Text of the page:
"I'm glad that they used a lot of traditional carols, because everybody seems to know them and can sing along," she added.
Freed said she also was impressed with the variety.
A choir comprised of several church groups sang a number of carols, including "Emmanuel." Earlier, the Children's Choir belted out an a capella version of "O Holy Night."
For those less enamored with singing, the show featured ballet and instrumental pieces.
"I love it," said Evelyn Batten, who lives in Potomac Towers. "It's a wonderful program. I've really enjoyed it. It lets you know what the season is all about."
Wolford said the theater sold between 400 and 500 tickets for Saturday's show and about as many for today's program.
Most of those tickets undoubtedly went to Hagerstown residents, but some ventured from farther away. Gerrardstown, W.Va., resident Forrest Platz said his family came only after buying the tickets at an auction sponsored by his daughter's school.
"We didn't even know they had a theater over here," Platz said. "We never heard anything about it."
Wolford said she is confident publicity - and attendance - will improve in future years.
For now, she said the theater accomplished its goals of getting the event off the ground and highlighting the rich history of the theater.
One of the key components of that history is a 1927 pipe organ donated four years ago by Olivia Remsburg, of Middletown, Md. She and her son, Ron, will be at today's performance.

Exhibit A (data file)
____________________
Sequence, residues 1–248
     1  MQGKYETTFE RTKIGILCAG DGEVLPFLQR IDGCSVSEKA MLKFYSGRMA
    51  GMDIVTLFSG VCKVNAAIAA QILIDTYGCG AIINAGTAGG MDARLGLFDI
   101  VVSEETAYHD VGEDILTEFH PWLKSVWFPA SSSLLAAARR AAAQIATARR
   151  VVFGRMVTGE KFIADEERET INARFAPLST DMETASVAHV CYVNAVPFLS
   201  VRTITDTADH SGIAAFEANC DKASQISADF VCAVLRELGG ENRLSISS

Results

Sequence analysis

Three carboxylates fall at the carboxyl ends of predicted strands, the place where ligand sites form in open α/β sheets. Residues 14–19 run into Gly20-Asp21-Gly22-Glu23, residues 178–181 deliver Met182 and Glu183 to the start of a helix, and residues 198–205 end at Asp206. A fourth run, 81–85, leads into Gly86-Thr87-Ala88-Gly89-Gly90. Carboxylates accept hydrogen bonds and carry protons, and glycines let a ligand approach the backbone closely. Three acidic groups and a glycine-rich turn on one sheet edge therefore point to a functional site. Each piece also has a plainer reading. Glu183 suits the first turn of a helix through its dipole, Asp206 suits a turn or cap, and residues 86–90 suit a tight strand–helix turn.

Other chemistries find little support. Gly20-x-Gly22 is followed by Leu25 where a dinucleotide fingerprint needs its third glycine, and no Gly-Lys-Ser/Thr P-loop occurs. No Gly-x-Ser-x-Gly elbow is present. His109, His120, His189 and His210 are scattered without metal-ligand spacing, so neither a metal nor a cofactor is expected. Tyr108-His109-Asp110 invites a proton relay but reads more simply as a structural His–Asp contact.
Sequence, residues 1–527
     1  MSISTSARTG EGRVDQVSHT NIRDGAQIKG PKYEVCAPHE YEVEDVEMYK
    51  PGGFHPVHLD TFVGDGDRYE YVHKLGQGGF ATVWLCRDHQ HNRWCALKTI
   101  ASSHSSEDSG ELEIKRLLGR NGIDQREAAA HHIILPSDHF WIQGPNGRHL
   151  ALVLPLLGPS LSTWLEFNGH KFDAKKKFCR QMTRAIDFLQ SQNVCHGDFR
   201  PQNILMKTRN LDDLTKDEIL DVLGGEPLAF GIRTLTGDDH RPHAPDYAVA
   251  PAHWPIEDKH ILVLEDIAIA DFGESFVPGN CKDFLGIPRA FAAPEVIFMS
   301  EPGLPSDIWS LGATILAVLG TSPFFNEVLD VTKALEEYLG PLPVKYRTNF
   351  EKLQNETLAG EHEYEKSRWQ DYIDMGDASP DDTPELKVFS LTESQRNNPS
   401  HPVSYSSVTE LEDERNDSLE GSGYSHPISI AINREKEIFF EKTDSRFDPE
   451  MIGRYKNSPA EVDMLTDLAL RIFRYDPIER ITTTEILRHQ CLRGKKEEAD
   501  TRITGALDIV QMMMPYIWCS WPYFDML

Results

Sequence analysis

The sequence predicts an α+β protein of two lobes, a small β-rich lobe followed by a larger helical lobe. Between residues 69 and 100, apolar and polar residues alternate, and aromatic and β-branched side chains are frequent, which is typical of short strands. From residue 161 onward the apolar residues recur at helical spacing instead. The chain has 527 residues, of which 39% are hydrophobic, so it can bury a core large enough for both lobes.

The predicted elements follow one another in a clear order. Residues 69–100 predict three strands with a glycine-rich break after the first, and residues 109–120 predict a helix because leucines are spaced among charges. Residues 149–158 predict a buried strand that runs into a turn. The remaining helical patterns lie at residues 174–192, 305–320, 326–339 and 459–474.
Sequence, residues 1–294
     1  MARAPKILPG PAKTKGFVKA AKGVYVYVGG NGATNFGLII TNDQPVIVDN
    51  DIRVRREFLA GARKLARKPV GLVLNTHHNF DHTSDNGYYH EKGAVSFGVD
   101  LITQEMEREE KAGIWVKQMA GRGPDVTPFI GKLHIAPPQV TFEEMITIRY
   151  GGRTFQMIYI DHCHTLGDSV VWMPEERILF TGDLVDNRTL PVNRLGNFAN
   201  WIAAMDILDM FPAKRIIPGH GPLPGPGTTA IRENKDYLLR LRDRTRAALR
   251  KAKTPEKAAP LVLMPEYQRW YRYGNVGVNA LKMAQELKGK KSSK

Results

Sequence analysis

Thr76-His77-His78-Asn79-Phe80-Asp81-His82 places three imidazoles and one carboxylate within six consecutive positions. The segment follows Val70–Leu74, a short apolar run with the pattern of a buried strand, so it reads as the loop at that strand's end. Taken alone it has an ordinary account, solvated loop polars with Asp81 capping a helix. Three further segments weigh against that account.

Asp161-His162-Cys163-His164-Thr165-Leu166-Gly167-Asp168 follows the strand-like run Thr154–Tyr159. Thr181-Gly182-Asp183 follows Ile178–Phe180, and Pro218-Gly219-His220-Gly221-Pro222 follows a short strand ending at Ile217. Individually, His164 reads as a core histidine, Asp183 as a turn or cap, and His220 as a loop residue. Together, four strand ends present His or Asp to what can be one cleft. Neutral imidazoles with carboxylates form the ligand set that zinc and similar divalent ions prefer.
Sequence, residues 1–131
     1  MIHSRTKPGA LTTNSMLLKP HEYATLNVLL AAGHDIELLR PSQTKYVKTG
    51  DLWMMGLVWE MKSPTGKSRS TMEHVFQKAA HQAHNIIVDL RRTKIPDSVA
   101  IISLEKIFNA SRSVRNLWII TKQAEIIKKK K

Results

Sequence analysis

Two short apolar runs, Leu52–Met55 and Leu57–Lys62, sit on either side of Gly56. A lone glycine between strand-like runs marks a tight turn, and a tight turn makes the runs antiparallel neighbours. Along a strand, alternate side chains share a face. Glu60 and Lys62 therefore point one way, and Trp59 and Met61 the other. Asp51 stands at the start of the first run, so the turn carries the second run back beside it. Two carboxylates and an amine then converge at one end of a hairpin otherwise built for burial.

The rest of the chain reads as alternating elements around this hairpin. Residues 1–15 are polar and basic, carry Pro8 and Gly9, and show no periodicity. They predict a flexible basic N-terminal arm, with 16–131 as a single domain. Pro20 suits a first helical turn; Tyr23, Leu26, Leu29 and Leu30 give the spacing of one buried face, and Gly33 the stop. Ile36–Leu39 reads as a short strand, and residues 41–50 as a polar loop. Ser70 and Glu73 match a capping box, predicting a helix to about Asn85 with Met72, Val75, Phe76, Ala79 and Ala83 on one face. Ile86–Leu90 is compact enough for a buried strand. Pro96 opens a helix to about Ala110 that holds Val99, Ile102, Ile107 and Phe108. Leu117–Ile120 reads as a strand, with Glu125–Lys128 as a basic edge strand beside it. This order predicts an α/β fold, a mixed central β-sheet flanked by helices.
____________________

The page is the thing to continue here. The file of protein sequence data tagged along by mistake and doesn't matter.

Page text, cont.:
Wolford said 35 people spent two years installing and renovating the organ. It is part of an ongoing refurbishment that has relied on the charity and efforts of the theater's patrons, supporters - and even the state's prisoners.
Inmates from the Maryland Correctional Institute have reupholstered about 700 of the theater's 1,300 seats.
"If you sit a little bit softer in the theater for the next few years, you know who to thank," Wolford said.
The theater also has undergone landscaping. Future projects include new paint and new wallpaper for the lobby. A state grant will pay to renovate the building's bathrooms.
All of these projects cost money, which is no small obstacle with the theater $40,000 in debt just six months ago.
"It's been a challenge, but it's been a real pleasure," Wolford said.